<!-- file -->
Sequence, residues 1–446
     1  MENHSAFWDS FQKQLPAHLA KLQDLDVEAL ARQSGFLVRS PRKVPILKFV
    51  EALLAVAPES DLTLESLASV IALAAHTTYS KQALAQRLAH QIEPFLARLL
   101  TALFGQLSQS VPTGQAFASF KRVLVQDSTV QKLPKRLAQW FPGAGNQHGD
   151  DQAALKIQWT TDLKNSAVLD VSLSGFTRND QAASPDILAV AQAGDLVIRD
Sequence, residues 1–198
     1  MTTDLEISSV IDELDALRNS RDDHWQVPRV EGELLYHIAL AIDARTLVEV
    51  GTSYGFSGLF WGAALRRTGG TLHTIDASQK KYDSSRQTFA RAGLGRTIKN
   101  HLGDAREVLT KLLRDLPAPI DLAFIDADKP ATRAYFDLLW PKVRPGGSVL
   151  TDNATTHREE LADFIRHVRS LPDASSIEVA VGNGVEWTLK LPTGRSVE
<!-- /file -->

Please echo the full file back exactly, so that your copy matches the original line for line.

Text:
Sequence, residues 1–446
     1  MENHSAFWDS FQKQLPAHLA KLQDLDVEAL ARQSGFLVRS PRKVPILKFV
    51  EALLAVAPES DLTLESLASV IALAAHTTYS KQALAQRLAH QIEPFLARLL
   101  TALFGQLSQS VPTGQAFASF KRVLVQDSTV QKLPKRLAQW FPGAGNQHGD
   151  DQAALKIQWT TDLKNSAVLD VSLSGFTRND QAASPDILAV AQAGDLVIRD
Sequence, residues 1–198
     1  MTTDLEISSV IDELDALRNS RDDHWQVPRV EGELLYHIAL AIDARTLVEV
    51  GTSYGFSGLF WGAALRRTGG TLHTIDASQK KYDSSRQTFA RAGLGRTIKN
   101  HLGDAREVLT KLLRDLPAPI DLAFIDADKP ATRAYFDLLW PKVRPGGSVL
   151  TDNATTHREE LADFIRHVRS LPDASSIEVA VGNGVEWTLK LPTGRSVE